When the fall of President Mubarak was announced on 11 February 2011, the Swiss government immediately decided to freeze the assets potentially held in Switzerland by several Egyptian individuals belonging to the former Mubarak regime. The ordinance to this effect was quickly issued to prevent the assets concerned from being withdrawn and hidden before the Egyptian authorities had the time to initiate the necessary criminal proceedings.
Thanks to their effective monitoring system, Swiss banks were able to quickly identify and freeze the assets of the targeted individuals. A total of CHF 410 million was frozen. These assets were not confiscated but frozen. The freezing of these assets does not demonstrate their legal or illegal origin. Thus, it is now up to the Egyptian judicial authorities to determine, through criminal proceedings, whether these assets were illicitly acquired.
Switzerland hopes to be able to quickly return to the Egyptian people all frozen assets whose origin is proved by the Egyptian authorities to be illegal. It is ready to cooperate with the Egyptian authorities on international mutual legal assistance. The visit of the delegation of experts from Switzerland on 10 and 11 May 2011 was undertaken in this context. The talks focused on the technical aspects of the judicial cooperation between the two countries. They have taken place in a very cooperative and constructive atmosphere and it has been convened to continue them.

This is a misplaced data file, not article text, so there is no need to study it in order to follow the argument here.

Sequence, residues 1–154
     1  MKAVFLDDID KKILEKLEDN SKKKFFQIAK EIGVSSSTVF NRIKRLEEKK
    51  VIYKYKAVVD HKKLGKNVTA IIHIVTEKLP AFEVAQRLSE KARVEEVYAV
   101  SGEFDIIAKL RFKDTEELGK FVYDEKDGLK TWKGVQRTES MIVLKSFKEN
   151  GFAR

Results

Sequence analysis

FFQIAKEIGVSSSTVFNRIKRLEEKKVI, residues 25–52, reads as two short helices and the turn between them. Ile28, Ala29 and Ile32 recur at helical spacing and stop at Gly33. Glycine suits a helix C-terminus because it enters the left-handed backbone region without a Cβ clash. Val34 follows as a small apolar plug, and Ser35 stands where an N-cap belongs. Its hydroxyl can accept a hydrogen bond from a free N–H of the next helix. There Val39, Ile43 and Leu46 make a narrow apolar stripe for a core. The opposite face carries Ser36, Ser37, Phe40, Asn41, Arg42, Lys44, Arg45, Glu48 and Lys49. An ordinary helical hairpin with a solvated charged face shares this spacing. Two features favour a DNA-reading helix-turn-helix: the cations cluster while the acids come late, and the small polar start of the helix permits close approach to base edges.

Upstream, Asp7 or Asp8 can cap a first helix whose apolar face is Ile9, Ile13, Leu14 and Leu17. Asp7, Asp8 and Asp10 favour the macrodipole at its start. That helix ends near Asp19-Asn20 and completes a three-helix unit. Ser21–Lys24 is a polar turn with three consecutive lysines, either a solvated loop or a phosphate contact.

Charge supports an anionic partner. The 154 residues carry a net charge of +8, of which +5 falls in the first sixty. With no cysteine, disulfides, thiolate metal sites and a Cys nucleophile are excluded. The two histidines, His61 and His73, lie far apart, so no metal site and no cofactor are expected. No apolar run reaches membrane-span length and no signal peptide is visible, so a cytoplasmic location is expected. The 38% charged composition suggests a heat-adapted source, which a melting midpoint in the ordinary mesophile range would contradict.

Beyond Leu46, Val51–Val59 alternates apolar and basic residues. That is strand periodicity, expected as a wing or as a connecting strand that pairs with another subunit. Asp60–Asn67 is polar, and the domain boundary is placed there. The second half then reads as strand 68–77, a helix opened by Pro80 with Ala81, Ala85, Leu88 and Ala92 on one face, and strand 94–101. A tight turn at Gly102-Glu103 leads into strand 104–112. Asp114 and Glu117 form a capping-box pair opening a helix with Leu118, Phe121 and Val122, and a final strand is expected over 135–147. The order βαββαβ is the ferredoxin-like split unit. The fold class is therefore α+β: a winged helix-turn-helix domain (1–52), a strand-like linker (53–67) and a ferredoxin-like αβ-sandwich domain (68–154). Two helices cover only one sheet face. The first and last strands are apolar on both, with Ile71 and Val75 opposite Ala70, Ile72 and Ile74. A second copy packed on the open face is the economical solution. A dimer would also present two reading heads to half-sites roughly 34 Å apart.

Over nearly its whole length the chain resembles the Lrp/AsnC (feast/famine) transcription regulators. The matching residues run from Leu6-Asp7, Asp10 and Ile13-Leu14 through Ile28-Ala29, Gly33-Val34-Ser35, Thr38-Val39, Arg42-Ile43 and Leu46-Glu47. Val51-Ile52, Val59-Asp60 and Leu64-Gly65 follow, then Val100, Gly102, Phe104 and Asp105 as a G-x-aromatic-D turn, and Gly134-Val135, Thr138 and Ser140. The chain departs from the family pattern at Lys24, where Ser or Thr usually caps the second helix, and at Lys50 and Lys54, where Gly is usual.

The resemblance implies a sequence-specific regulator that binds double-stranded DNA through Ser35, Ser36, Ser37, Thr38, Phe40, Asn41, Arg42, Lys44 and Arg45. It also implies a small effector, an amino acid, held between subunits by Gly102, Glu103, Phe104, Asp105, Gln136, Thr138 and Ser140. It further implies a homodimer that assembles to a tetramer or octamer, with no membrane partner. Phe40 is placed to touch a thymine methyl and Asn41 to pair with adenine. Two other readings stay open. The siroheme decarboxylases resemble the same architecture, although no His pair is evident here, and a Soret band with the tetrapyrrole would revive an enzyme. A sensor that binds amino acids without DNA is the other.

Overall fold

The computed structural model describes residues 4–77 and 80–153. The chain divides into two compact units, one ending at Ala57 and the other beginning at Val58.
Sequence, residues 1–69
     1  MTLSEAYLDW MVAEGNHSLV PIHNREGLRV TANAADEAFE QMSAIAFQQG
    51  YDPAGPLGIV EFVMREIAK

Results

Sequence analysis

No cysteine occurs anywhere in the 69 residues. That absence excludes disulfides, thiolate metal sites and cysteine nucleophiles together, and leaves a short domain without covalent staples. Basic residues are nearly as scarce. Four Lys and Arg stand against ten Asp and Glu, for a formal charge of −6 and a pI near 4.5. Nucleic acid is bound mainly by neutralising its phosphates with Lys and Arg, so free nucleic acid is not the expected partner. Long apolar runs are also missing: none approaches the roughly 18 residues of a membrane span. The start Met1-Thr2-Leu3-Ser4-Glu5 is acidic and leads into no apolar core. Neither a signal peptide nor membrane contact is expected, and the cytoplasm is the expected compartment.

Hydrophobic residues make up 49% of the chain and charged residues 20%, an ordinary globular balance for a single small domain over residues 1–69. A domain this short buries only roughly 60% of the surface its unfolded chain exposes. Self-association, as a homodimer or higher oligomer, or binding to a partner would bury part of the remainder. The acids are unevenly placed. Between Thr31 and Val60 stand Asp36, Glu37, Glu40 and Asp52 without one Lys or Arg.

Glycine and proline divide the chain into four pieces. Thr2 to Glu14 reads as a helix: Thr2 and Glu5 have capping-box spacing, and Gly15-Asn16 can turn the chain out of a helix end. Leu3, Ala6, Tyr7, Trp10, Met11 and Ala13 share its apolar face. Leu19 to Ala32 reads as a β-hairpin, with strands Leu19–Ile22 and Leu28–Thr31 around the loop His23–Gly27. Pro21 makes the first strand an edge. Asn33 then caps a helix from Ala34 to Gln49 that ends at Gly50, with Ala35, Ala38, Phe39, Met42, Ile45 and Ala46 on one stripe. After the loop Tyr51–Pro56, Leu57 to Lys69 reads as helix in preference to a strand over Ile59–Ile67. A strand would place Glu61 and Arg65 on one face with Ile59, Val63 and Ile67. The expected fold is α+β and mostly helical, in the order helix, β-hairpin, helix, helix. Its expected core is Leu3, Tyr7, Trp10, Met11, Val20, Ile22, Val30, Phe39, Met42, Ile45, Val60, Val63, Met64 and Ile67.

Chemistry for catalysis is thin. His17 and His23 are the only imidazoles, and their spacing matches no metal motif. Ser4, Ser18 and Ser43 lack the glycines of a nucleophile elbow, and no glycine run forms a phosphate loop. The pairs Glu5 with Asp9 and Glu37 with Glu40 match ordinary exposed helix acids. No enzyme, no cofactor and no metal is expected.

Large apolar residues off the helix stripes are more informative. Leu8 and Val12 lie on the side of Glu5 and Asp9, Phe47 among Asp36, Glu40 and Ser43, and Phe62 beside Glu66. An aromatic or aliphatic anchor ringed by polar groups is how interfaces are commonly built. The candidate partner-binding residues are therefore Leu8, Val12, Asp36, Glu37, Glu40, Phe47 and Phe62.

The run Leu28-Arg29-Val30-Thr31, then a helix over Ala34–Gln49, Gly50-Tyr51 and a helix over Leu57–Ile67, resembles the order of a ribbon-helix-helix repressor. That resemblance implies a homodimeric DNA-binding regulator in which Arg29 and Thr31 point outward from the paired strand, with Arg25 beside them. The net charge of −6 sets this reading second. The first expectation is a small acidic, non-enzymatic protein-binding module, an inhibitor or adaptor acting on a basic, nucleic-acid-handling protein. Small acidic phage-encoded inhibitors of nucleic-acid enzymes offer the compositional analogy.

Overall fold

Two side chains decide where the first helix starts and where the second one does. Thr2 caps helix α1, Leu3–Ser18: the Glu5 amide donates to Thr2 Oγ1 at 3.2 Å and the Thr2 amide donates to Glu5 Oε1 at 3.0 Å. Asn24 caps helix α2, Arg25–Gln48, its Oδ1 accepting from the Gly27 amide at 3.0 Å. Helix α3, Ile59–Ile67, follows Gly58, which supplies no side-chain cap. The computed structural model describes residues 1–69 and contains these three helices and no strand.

Switzerland has a long tradition in the fight against illicitly acquired "potentate assets" (dictators' assets) and has for years been committed to the recovery of assets of illicit origin and the fight against corruption. It has established a comprehensive legislative framework to prevent Switzerland as a financial centre from being used as a haven for assets of criminal origin. Moreover, over the past 15 years, Switzerland has returned CHF 1.7 billion to the people of countries affected by corruption, more than any other financial centre of similar size.
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